Wednesday, September 29, 2010

It’s Still Wednesday …

Since the cottage was going to be empty for more than a few days between my departure today and when the next human arrives, I had lots of little stuff to take care of today and ran out of time to blog. But I have authentic “as I started this Wednesday” footage of my knitting, so here you go.

My Manos möbius is excruciatingly close to finished. I’d say 60-65% of the attached I-cord bind-off is finished. But take a look at the bottom edge of the möbius in this picture:


Yeah. I’m out of yarn. Thankfully, the generous and talented CelticQueen has some of this very same yarn and is going to let me mooch what I need. Thanks, birthday girl! (her b-day is Thursday)

In other news, the Musique socks are getting some knitting time


Sock #2 is nearly to the point where I’ll begin arch increases. Yay!

I did manage to wedge a 90-minute walk into my day, and once again the pickings were pretty darn good. As cruddy as the weather was this week, it’s tempting to stay because there was so much good glass to find on the beach. Even with the Lake pretty high today, I still got some really good stuff


Some of the cooler pieces, quarter for scale



Yes, that's a badly-focused neck of a bottle. Probably a Coke bottle. Cool!

So that’s it for 2010 at Van Buren Point. Here’s hoping I get more time up there next year.

Fake-ation For the Win!

It’s been a good final stay at the Lake for 2010.


As you know, I got here Sunday night shortly after sunset.

On Monday, it rained for a good chunk of the day, and it was relatively cold out. I took a walk anyway.

I think it was “Top Gun” where Tom Cruise described a “target-rich environment,” just before she lost that lovin’ feelin’. That has pretty much described both of my walks on this trip as it pertains to beach glass.


Some of the highlights:



And a marble!


I woke up to some pretty heavy rain this morning, but it cleared up a bit this morning, and I zipped down to the beach for a few minutes. I finally remembered to take a couple pictures of the where I walk when I’m up here. I walk to Lake Erie State Park, which is where the tiny green patch and white dot are in the following photo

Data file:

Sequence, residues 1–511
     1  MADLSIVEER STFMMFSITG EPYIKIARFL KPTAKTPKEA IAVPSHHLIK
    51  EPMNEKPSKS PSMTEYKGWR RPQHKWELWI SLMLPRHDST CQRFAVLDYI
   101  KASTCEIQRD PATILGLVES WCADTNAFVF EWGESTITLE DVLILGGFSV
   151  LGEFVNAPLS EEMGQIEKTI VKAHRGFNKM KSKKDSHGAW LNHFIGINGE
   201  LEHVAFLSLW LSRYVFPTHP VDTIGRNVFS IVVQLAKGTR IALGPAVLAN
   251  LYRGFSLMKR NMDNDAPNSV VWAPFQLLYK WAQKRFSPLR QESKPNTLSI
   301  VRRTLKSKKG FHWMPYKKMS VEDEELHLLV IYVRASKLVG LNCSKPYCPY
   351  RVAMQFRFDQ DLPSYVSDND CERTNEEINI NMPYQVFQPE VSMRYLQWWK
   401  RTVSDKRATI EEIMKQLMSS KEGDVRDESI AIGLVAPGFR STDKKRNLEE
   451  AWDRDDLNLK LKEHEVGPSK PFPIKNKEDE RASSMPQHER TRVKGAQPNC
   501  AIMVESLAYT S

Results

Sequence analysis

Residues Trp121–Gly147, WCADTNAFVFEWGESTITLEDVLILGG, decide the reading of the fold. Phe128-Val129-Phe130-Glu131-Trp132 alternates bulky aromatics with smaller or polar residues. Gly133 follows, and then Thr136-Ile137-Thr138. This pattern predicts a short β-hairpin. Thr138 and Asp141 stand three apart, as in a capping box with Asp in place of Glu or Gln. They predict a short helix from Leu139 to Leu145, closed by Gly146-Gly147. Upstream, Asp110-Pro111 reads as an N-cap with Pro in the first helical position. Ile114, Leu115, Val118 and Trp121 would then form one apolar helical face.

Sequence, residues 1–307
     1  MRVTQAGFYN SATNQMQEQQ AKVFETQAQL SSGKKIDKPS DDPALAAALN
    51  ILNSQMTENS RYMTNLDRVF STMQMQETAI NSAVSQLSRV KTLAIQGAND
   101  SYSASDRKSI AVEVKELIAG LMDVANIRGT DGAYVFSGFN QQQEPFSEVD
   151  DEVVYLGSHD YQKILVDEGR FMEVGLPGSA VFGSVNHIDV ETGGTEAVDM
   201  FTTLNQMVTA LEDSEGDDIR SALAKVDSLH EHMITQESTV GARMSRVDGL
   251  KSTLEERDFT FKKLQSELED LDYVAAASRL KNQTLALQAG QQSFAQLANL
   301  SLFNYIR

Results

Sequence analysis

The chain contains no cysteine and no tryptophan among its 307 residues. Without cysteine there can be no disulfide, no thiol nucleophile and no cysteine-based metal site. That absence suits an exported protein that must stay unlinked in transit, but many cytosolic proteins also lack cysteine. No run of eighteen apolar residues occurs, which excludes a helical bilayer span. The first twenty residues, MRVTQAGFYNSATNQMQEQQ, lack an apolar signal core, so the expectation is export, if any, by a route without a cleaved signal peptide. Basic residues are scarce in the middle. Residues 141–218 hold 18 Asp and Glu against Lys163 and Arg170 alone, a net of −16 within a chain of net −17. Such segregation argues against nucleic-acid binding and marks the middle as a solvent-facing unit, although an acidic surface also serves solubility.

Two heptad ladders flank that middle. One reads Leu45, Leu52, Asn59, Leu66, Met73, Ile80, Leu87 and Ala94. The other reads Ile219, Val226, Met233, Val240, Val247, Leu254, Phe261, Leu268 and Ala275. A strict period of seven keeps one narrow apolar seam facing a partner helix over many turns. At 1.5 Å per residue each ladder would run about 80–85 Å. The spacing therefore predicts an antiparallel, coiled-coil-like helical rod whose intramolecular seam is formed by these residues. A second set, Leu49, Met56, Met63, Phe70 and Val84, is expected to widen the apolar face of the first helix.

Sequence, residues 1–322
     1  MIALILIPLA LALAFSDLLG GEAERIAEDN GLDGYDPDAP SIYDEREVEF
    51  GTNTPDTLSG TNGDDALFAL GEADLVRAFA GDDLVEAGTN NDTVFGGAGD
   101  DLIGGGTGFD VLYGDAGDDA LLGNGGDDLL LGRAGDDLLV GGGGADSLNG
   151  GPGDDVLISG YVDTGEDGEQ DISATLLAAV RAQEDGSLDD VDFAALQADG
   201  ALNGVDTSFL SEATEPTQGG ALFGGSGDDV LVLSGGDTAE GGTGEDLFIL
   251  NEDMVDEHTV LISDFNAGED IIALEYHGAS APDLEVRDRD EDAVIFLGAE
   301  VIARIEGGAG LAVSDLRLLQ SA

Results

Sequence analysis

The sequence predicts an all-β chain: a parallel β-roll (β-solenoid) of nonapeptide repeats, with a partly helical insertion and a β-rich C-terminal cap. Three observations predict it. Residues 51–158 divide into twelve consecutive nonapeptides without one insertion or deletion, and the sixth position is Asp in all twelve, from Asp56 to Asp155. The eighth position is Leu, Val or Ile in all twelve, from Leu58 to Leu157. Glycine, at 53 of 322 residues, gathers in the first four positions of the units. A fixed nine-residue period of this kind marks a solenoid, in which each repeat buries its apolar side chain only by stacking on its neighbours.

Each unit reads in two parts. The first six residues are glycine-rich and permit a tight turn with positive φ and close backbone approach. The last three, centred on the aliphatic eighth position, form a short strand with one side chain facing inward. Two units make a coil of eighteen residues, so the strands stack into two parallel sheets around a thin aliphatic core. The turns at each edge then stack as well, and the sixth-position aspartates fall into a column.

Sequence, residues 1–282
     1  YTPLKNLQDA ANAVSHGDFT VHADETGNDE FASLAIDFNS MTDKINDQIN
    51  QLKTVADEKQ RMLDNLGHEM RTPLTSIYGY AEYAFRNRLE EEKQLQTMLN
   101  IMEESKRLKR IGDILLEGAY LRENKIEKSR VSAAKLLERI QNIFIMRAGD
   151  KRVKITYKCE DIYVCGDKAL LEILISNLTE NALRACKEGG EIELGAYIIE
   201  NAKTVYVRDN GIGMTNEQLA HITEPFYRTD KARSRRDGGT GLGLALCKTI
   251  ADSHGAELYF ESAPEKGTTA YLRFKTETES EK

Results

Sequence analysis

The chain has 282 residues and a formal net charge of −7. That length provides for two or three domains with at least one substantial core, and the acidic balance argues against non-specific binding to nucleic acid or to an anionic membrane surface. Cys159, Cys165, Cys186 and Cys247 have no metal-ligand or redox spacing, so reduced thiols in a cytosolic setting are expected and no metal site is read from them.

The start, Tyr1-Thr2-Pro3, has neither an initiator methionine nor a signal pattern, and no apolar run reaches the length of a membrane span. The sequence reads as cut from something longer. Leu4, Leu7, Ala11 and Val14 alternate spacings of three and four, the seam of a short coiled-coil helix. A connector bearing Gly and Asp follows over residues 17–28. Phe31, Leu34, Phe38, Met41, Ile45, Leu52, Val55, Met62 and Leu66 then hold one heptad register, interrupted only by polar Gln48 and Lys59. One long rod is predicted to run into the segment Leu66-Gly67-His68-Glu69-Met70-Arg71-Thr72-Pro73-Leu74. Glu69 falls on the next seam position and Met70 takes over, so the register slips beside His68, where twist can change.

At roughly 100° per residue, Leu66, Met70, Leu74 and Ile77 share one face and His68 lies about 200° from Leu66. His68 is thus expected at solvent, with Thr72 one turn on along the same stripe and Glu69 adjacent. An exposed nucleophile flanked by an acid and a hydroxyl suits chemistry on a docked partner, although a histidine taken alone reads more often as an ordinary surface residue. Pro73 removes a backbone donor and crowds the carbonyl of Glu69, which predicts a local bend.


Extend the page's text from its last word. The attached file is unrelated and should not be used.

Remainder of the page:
Can’t see it? I don’t know why not. But I’ll help you out a bit


Yeah. It takes me between 60-90 minutes to get there and about the same to get back. I’m guessing it’s about three miles one-way.

We had rain for good chunks of the morning, but things finished up around lunchtime. I went out and walked the whole way to the park and back. The weather was getting crazy on the walk back. Major wind and the Lake was getting much higher (rougher) as I walked. No matter. I still got an impressive amount of glass today.


The plan tomorrow is to wake up, take a walk then head down for Hurricane Knitters. Here’s hoping for good weather in the A of M.

Sunday, September 26, 2010

So Far, So Good

As planned, I left for the Lake shortly after the Steelers victory in Tampa Bay this afternoon. I didn’t make it in time for the “official” sunset, but as I was bringing stuff into the house from the car and getting settled, there were some great colors going on from the “afterglow” of the sunset.

Oh, and I remembered ALL of my power cord. Like I said. Progress.

Enjoy the photos.



And, about 10-15 minutes later …




As I was snapping away from a neighbor’s seawall, I kept noticing the beautiful reflection in the picture window. My shutter had to be open for so long, it was difficult to capture the image. This was the best I got.


I hate how early sunset is now (thank you, autumnal equinox!) but all in all it’s OK. Now I’m looking forward to a nice relaxing 2.5 days up here, finishing with Hurricane Knitters down in Pittsburgh on Wednesday night. Then it’s back to reality. Can’t wait for that, either!

Saturday, September 25, 2010

Best Laid Plans …

Hi there!

I had all kinds of stuff I was going to share with you last week. Beach glass, a finished project, a great rainy day at the Lake, sunsets …